In the last three days we have seen VERY HIGH seismic activity across the world,
with a total of 25 earthquakes at or above M5.0, including a M7.5 quake off the coast of
A total of 19 DEEP (200+ km) earthquakes have been recorded worldwide over the
last three days, which is HIGH.
• Largest earthquake to strike in the U.S. (including U.S. territories): M7.5
• Largest earthquake to strike in Kansas since the previous update: M3.3
• Largest quake elsewhere in the world since the previous update: M5.9

Summary: The M7.5 Alaska quake occurred in an area that has been hit by multiple
M5.9-7.8 quakes. USGS says it is an aftershock from the July 22 M7.8 quake. A
tsunami WARNING was issued but it was downgraded to an advisory soon after.

WATCHES & WARNINGS: imminent threats for large earthquakes or tsunamis
• The WARNING time frame has been revised for a large earthquake with a top-end
potential in the M5.6-6.4 (6.6) range to strike off the coast of the Pacific Northwest,
along the Juan de Fuca fracture zone, most likely off the coast of southern Oregon
in the next 7-10 days (extended). I obviously “jumped the gun” so to speak in the
original forecast time frame. The big M7.5 Alaska quake is now influencing the
time frame. If this forecasted quake strikes as expected, California should be on
ALERT for multiple M5.0-6.0 range quakes in central and southern parts of the
state occurring within a few days following the expected large quake off the coast.
• The WARNING has now been downgraded to a WATCH for the New Madrid
seismic zone for a possible large quake with a high-end potential in the M4.9-7.9
(8.2) range in the next 14 days (by Nov. 4). The threat of a large quake remains
viable, but the time frame may no longer be imminent. Very few hot spots have
appeared in the region the past several days. Please do not dismiss the potential for
a large quake to occur, because eventually it will. Continue to prepare and be aware.
Use the extended time to acquire the necessary supplies and consider the possibility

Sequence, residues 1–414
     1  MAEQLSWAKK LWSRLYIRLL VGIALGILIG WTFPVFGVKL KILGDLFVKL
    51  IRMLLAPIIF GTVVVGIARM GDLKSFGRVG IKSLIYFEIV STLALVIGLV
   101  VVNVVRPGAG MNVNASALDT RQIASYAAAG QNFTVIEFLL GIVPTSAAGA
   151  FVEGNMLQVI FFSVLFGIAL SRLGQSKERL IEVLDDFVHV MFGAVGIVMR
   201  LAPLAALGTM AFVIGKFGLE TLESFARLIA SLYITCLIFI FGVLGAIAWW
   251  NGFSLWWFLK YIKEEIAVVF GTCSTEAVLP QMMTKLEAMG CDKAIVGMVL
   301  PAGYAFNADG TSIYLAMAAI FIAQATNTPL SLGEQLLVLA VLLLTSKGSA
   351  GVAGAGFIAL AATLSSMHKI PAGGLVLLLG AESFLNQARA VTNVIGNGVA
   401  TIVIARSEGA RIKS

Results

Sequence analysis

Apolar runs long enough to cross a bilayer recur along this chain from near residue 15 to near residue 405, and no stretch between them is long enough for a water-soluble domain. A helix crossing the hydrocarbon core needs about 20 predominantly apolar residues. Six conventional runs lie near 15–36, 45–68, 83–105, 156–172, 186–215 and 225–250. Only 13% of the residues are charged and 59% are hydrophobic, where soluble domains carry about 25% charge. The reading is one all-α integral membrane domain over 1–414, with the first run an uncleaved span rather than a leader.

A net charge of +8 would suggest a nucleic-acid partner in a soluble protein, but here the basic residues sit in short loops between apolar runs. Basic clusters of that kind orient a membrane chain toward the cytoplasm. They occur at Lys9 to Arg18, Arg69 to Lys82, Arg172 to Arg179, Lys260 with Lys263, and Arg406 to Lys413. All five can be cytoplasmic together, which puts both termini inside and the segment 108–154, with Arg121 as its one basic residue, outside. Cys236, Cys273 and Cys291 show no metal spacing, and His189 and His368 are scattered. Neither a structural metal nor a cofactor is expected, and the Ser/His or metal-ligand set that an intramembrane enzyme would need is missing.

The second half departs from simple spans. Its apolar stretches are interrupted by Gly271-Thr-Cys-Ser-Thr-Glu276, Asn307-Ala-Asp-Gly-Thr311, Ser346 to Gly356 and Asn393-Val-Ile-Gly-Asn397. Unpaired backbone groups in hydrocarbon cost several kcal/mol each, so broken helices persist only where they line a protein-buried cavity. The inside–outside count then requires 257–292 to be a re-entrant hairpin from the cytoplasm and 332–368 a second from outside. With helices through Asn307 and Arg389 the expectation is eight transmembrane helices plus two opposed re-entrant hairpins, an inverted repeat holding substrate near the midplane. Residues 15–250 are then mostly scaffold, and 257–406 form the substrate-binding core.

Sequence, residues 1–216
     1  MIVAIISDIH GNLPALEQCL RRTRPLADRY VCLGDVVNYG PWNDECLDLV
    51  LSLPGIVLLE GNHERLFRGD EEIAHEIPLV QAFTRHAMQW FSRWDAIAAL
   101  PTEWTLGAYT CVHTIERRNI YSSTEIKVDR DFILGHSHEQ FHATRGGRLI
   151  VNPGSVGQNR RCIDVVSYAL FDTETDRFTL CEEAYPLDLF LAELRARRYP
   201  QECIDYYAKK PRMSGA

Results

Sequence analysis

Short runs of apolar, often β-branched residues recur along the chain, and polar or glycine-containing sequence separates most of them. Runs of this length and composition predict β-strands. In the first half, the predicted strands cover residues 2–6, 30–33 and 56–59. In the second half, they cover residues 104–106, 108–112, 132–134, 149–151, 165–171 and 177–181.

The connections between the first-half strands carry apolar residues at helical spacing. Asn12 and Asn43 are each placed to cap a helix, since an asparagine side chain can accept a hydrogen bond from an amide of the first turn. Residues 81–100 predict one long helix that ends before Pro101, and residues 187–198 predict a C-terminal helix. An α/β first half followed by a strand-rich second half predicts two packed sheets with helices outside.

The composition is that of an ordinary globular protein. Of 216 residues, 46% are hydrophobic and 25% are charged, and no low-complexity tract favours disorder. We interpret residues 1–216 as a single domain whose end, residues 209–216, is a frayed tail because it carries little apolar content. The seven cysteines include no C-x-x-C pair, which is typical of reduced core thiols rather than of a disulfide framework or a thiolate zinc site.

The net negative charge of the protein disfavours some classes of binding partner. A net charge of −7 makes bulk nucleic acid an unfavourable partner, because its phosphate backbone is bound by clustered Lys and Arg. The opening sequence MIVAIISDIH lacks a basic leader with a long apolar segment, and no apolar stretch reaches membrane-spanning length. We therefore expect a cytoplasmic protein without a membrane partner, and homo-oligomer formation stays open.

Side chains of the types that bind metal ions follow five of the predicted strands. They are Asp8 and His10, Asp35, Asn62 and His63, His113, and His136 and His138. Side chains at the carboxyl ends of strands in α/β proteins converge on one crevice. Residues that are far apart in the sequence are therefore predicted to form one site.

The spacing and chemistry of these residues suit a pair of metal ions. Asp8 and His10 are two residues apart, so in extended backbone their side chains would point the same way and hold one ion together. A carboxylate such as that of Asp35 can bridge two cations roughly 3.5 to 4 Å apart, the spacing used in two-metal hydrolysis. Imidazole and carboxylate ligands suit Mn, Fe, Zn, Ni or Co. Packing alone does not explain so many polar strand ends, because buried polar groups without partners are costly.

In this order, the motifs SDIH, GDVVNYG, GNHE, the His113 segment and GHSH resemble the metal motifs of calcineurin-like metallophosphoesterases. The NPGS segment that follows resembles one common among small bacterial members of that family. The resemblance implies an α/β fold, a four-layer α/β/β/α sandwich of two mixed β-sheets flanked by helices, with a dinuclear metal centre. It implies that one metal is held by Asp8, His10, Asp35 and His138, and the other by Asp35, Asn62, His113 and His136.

of moving out of the danger zone if you are in the direct line of fire, especially in
and around Memphis.

Long Term Continuous WATCHES: (no specified time frame given as yet)
Earthquakes – U.S.
• Pacific Northwest – Cascadia mega-thrust quake – M8.6-9.2 range with tsunami
• Garlock and/or San Andreas faults in southern California – M7.9-8.4 range
• New Madrid seismic zone in southeast Missouri – M7.7-8.2 range.
Volcanoes – U.S. (9 out of 10 are ranked by USGS in the top 20 as “very high risk”
• Kilauea in Hawaii – explosive blow-out eruption – M6.9-7.2 range
• Mauna Loa in Hawaii – explosive blow-out eruption – M6.9-7.9 range
• Mount Saint Helens in Washington – explosive eruption – M5.9-6.9 range
• Mount Rainier in Washington – major eruption with lahars – M5.9-6.9 range
• Mount Baker in Washington – major eruption – M5.9-7.2 range
• Mount Hood in Oregon – major eruption – M5.9-7.2 range
• Mount Shasta in California – moderate eruption – M5.9-6.6 range
• Mount Lassen in California – moderate eruption – M5.9-6.6 range
• Long Valley Caldera in California – major eruption – M6.6-7.7 range
• Yellowstone in Wyoming – moderate to major eruption – M7.2-8.2 range
Swarms: (swarms now occurring and highest magnitudes in the past three days)
Major swarms continue in California, Nevada, Hawaii, Mexico, Puerto Rico, and
New Zealand. Smaller swarms continue at Yellowstone and in California, including
at The Geysers (N), Mammoth Lakes (EC), and near Salton Sea (S).

• Nevada: 15 quakes; reaching a high of M3.2. [Typical.]
• Idaho: 14 quakes; reaching a high of M3.3. [Typical.]
• Hawaii: 38 quakes; reaching a high of M3.1. [Typical.]
• Puerto Rico: 34 quakes; reaching a high of M3.4. [Typical.]
• Southern Mexico: 91 quakes; reaching a high of M4.3. [Typical.]
• New Zealand (48 hrs.): 116 quakes; reaching a high of M4.6. [Typical.]

Pacific Northwest Tremor WATCH:
Tremors in the Pacific Northwest continue. Today, there was a medium cluster of
tremors located northwest of Portland, Oregon and a small cluster southwest of Redding, California, with a cumulative total of 134 epicenters. Yesterday, there were five clusters located from south of Vancouver Island down across the Olympia Peninsula, and extending on down to Redding, California, with a cumulative total of 170 epicenters.
You can track Pacific Northwest tremors here: